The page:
@kitkat_new@lemmy.ml
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14 meses

Ads are of questionable value as well

@pingveno@lemmy.ml
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13 meses

No disagreement from me, but they at least are a revenue model that funds providing a service. Mining BTC is just rewarding people for wasting energy, either theirs or someone else’s.

@dreiwert@szmer.info
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Big tech companies route loads of data through their data centers that could either be processed on the end users’ devices, or that aren’t needed at all for the services that help the end users. A comparison between the climate impact of all the big tech data center processing that is done for the sole purpose of the big tech companies and other factors relevant to climate would be both interesting and meaningful.

Edit: Funny to see downvoting without making a point. Regarding the latter mentioned source of serviceless resource wasting of big tech, see https://www.inkandswitch.com/slow-software/ (under “user-hostile work”). Regarding the former one, think about why your average smartphone keyboard implementation needs to phone home to the tech company’s data center, while there are implementations that work right on the device. Removing all this stuff could most likely greatly reduce the resource usage of today’s end user devices, and does not provide any useful service to the end users.

I hate both.

@Tiuku@sopuli.xyz
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04 meses

Proof of Work is robust and secure but pays a heavy price for it. Given that working alternative consensus models exist, I see no reason to support PoW coins.

@kevincox@lemmy.ml
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14 meses

I agree. I see Bitcoin as an incredibly valuable step in the research of decentralized consensus and running it as a network with such high stakes is a great prover. However it is clear that it is time for us to move on onto the generations of cryptocurrencies that have built on top of what we have learned from Bitcoin with further improvements such as privacy in Monero and efficiency with the Proof of Stake coins. Of course I don’t think this is the end, for example the biggest Proof of Stake coins aren’t private yet. So I look forward to generations of coins yet to come.

@jorgesumle
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14 meses

Proof-of-stake incentivizes the hoarding of coins, which can lead to centralization. Given that PoS coins aren’t private, unlike Monero, I see no reason to support them.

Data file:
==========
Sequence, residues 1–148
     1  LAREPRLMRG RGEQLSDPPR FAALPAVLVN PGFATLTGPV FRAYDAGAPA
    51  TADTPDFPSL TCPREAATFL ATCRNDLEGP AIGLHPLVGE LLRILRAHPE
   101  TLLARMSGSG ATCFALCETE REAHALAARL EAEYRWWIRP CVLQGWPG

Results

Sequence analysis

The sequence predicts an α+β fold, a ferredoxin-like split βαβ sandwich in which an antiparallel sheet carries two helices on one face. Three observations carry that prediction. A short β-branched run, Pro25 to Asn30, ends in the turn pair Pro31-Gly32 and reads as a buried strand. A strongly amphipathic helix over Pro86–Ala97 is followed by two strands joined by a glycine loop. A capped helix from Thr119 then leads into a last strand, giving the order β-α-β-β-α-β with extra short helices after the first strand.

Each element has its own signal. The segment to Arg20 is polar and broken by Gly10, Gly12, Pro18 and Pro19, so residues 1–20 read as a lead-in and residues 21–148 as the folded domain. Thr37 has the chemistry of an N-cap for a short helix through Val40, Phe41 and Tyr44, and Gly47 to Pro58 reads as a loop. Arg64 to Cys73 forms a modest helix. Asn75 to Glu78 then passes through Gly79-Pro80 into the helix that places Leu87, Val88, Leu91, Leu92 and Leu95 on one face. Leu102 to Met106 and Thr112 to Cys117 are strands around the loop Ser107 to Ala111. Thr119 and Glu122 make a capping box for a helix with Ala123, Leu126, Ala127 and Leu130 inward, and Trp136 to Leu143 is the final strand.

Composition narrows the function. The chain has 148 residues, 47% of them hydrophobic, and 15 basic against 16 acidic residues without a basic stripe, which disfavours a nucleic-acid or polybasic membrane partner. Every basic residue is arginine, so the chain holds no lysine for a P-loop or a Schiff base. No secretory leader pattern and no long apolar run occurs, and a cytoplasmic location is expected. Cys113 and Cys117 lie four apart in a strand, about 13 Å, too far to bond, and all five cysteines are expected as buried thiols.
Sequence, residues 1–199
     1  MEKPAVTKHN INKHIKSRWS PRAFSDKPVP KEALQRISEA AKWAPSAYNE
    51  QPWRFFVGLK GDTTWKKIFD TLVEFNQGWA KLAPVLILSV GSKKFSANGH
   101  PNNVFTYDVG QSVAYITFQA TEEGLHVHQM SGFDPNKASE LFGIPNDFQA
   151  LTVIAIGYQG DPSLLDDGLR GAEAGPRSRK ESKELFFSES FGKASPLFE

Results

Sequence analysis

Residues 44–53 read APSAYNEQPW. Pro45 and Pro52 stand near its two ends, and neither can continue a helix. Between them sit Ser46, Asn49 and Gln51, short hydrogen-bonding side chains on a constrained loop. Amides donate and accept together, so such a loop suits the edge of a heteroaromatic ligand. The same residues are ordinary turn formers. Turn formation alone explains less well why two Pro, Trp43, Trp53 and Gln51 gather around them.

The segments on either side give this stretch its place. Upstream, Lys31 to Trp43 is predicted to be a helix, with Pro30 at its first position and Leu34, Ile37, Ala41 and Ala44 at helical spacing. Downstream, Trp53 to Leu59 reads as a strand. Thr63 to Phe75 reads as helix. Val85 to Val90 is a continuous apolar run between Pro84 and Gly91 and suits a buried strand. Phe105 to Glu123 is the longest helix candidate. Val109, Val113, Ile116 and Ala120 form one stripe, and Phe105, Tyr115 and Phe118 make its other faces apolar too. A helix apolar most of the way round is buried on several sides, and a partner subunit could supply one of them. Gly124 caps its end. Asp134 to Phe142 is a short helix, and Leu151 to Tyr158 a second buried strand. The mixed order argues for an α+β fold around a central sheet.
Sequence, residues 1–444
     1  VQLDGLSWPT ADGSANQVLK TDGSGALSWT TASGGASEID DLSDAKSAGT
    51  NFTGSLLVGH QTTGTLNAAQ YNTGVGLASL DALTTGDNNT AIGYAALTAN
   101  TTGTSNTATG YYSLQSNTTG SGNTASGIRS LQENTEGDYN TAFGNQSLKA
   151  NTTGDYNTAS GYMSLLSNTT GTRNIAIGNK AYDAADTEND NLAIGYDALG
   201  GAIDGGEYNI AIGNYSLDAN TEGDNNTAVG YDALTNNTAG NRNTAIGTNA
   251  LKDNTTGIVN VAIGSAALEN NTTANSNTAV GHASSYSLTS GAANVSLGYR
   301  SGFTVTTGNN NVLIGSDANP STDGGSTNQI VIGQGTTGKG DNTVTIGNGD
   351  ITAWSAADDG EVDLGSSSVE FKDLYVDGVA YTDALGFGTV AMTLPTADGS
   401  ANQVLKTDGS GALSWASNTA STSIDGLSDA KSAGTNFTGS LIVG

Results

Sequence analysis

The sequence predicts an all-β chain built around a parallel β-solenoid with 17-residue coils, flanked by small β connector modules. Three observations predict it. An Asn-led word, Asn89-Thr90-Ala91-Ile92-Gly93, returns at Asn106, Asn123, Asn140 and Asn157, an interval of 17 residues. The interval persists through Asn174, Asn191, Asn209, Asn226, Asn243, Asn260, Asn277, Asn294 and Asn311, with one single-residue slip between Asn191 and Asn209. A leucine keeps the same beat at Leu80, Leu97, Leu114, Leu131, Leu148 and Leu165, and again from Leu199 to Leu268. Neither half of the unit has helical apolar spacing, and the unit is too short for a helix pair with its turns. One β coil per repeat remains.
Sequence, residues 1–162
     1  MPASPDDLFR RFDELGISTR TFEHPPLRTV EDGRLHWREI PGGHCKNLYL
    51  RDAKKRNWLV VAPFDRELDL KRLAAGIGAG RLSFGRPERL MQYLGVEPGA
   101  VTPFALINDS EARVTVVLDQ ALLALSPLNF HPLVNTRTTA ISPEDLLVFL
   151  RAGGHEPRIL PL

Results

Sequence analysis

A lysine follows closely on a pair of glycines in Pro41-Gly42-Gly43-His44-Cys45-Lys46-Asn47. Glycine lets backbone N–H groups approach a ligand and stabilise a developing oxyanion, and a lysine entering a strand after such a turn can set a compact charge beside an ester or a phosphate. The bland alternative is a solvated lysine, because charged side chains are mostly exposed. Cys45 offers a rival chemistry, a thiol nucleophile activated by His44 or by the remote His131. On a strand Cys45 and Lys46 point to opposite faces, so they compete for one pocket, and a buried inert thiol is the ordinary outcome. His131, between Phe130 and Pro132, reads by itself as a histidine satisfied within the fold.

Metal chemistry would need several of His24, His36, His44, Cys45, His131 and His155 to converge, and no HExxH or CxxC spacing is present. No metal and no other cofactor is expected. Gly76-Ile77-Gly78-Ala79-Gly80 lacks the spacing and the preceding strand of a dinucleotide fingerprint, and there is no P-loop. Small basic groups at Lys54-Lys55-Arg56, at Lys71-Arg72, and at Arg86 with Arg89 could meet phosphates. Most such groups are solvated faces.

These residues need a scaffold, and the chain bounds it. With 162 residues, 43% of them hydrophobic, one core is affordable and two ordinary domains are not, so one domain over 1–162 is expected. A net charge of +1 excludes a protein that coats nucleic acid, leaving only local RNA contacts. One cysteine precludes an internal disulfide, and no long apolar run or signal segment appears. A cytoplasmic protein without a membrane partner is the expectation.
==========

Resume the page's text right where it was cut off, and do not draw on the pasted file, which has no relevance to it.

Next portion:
@phil_m@lemmy.ml
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Counterargument (that Proof of Work is not inherently better, IMHO worse, mostly because of environmental concerns):

Proof of Work incentivizes hoarding of useless electrical waste (long-term at least), the more you mine, the more you’ll want to invest into this useless hardware, to mine even more.

PoW only displaces the problem of wealth distribution. Most of the Proof of Stake currencies reward less (in % per block) than PoW currencies, thus they probably lead to less centralization. Additionally it’s just slower and doesn’t scale in comparison to PoS…

@jorgesumle
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14 meses

PoW only displaces the problem of wealth distribution.

Also, it’s more secure.

Proof of Work incentivizes hoarding of useless electrical waste (long-term at least), the more you mine, the more you’ll want to invest into this useless hardware, to mine even more.

“One of Monero’s philosophies is to maintain egalitarian mining, so that everyone can have the possibility to mine. To achieve this, Monero uses a particular algorithm ideated and developed by members of the Monero community: RandomX. This PoW algorithm is ASIC resistant, which means it’s impossible to build specialized hardware to mine Monero. Miners must use consumer-grade hardware and compete fairly”.

https://www.getmonero.org/get-started/mining/

@Tiuku@sopuli.xyz
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14 meses

Those are valid concerns. If I were to burn electricity for simple transactions, it would be Monero or some of its derivatives for sure. There at least you’re getting something in return, namely privacy.

However I think that environmental aspects overrule in the vast majority of cases.

You can make private Proof-of-stake coins (see: Particl), but Monero simply has too much going for it for people to make a switch